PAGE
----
In American, martial arts studios exist for the same reason every other business exists, to make money. At the average tae kwon do or karate studio, students are promoted through all through all the various belt colors (enough to make a medium-sized box of Crayolas proud) until they eventually become black belts. (Without all that positive reinforcement they might not continue to come to class and pay their fees.) To get their black belts, they must do katas (essentially elaborate dances) with good form. Almost everybody who attends class long enough, no matter how unathletic, is eventually rewarded with a black belt.
In Korea, tae kwon do is the national sport, and they take it very seriously. First, there is no rainbow of belt colors (an American invention) to be promoted through. You start out as a white belt, then, when you're ready, you get a brown belt, then a black belt. Koreans practice "hard" tae kwon do, which means they punch and kick two by fours wrapped in straw until the various striking surfaces of their hands and feet become tough and callused. The way a student becomes a black belt is to fight two black belts (in real, full contact fights, not the non-contact variety favored here). If he acquits himself well, he passes. If not, he fails. Unlike American teachers, Koreans feel no qualms about failing their students.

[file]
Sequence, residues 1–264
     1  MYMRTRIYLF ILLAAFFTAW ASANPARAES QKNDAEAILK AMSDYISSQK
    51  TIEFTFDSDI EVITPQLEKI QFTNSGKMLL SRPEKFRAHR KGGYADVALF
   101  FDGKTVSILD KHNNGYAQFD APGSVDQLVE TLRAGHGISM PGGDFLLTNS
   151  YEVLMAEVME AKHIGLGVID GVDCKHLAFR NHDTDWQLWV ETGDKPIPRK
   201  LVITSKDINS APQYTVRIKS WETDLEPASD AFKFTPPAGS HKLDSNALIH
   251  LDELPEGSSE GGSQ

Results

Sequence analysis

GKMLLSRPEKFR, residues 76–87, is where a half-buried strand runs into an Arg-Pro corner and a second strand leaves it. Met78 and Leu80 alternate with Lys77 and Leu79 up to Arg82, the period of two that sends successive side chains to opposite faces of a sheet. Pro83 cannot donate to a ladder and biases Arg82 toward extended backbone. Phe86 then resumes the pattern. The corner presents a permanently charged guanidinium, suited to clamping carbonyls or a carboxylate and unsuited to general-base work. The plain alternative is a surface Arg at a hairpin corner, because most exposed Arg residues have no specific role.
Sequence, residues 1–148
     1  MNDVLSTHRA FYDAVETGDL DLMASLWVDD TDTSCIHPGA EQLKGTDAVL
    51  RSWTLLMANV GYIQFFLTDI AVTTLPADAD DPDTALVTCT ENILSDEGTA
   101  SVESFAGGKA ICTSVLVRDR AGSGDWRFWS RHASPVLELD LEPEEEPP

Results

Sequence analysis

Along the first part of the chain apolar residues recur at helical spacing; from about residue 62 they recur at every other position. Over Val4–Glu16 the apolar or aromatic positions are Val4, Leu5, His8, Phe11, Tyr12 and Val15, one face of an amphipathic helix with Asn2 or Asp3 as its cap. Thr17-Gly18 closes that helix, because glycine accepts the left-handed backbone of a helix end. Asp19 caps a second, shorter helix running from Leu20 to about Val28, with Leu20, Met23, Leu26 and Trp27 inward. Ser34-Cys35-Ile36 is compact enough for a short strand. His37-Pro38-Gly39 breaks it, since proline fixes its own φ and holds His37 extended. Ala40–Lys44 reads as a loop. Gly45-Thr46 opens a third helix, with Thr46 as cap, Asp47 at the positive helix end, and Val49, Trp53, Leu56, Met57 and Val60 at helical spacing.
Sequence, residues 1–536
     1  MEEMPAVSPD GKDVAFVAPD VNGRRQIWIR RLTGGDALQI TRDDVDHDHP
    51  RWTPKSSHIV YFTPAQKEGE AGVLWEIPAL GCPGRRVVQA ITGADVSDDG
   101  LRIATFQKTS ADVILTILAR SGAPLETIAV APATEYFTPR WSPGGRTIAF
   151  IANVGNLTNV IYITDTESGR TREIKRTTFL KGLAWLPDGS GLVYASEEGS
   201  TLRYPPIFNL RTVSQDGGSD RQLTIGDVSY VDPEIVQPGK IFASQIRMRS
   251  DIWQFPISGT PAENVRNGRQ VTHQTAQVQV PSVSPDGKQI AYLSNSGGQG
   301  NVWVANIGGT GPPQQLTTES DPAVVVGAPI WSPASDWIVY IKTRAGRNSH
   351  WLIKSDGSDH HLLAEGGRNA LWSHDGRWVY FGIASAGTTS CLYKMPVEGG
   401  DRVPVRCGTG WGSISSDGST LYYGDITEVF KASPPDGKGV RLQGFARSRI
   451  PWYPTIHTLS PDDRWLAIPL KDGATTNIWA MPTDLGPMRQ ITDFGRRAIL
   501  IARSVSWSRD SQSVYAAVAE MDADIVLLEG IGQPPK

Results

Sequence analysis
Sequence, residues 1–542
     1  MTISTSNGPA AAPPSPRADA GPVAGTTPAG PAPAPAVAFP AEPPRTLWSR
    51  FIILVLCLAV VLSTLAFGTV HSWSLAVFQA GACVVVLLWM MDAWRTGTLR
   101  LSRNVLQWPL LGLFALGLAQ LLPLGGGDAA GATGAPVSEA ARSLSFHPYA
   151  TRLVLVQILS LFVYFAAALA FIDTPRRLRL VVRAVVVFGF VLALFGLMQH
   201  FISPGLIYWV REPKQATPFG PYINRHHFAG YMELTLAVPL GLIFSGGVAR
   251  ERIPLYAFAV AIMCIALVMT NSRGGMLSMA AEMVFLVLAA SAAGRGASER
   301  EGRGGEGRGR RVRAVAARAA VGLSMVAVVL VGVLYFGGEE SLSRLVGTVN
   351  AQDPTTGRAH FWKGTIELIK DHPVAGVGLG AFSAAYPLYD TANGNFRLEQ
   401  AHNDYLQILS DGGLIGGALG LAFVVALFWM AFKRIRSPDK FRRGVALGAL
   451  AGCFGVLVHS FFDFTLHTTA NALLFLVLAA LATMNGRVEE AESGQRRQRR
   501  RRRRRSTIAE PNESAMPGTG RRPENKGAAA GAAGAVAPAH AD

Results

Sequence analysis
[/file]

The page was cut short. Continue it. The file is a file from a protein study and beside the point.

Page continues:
Tom stayed in Korea for two years, eventually earning his fourth degree black belt in tae kwon do. After he left Korea, for the next twenty years, Tom never stopped practicing and studying the martial arts. He studied Thai kickboxing, kali escrima (the art of turning a one foot bamboo stick into a weapon), hand trapping, and jeet kune do (Bruce Lee's martial art).
Once, in 1989, Tom offered to teach me some "real" fighting techniques. So I brought him to my gym. He suggested I use the eye gouge; to demonstrate, he had me put on a pair of Plexiglas welder's glasses, and told me to try to stay away from him. He would stiffen his fingers and strike the glass, never missing once, no matter how I tried to evade him. (He never hit me on the bridge of the nose, or the eyebrow, or the cheekbone, but always right on the eye.) He is one of the few people I've ever met who can successfully make a knife out of his hand and hurt you by pressing his fingers straight into your stomach. If most of us try this, we merely hurt our fingers, as when catching a football the wrong way.